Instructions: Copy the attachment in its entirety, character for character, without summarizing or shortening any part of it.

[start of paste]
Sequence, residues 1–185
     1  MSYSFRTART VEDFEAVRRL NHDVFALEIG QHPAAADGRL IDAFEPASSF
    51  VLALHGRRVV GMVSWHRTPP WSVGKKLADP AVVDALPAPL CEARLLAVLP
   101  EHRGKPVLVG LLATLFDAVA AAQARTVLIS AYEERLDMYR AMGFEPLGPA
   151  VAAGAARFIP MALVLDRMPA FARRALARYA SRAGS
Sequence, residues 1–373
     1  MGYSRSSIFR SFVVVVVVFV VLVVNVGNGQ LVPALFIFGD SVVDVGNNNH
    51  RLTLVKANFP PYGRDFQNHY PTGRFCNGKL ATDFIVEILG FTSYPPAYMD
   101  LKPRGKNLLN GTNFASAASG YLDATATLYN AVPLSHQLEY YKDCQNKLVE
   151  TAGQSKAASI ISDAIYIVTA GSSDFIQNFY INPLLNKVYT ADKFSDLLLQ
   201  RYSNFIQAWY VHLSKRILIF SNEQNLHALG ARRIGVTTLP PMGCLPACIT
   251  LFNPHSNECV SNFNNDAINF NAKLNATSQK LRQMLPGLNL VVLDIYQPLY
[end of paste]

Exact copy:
Sequence, residues 1–185
     1  MSYSFRTART VEDFEAVRRL NHDVFALEIG QHPAAADGRL IDAFEPASSF
    51  VLALHGRRVV GMVSWHRTPP WSVGKKLADP AVVDALPAPL CEARLLAVLP
   101  EHRGKPVLVG LLATLFDAVA AAQARTVLIS AYEERLDMYR AMGFEPLGPA
   151  VAAGAARFIP MALVLDRMPA FARRALARYA SRAGS
Sequence, residues 1–373
     1  MGYSRSSIFR SFVVVVVVFV VLVVNVGNGQ LVPALFIFGD SVVDVGNNNH
    51  RLTLVKANFP PYGRDFQNHY PTGRFCNGKL ATDFIVEILG FTSYPPAYMD
   101  LKPRGKNLLN GTNFASAASG YLDATATLYN AVPLSHQLEY YKDCQNKLVE
   151  TAGQSKAASI ISDAIYIVTA GSSDFIQNFY INPLLNKVYT ADKFSDLLLQ
   201  RYSNFIQAWY VHLSKRILIF SNEQNLHALG ARRIGVTTLP PMGCLPACIT
   251  LFNPHSNECV SNFNNDAINF NAKLNATSQK LRQMLPGLNL VVLDIYQPLY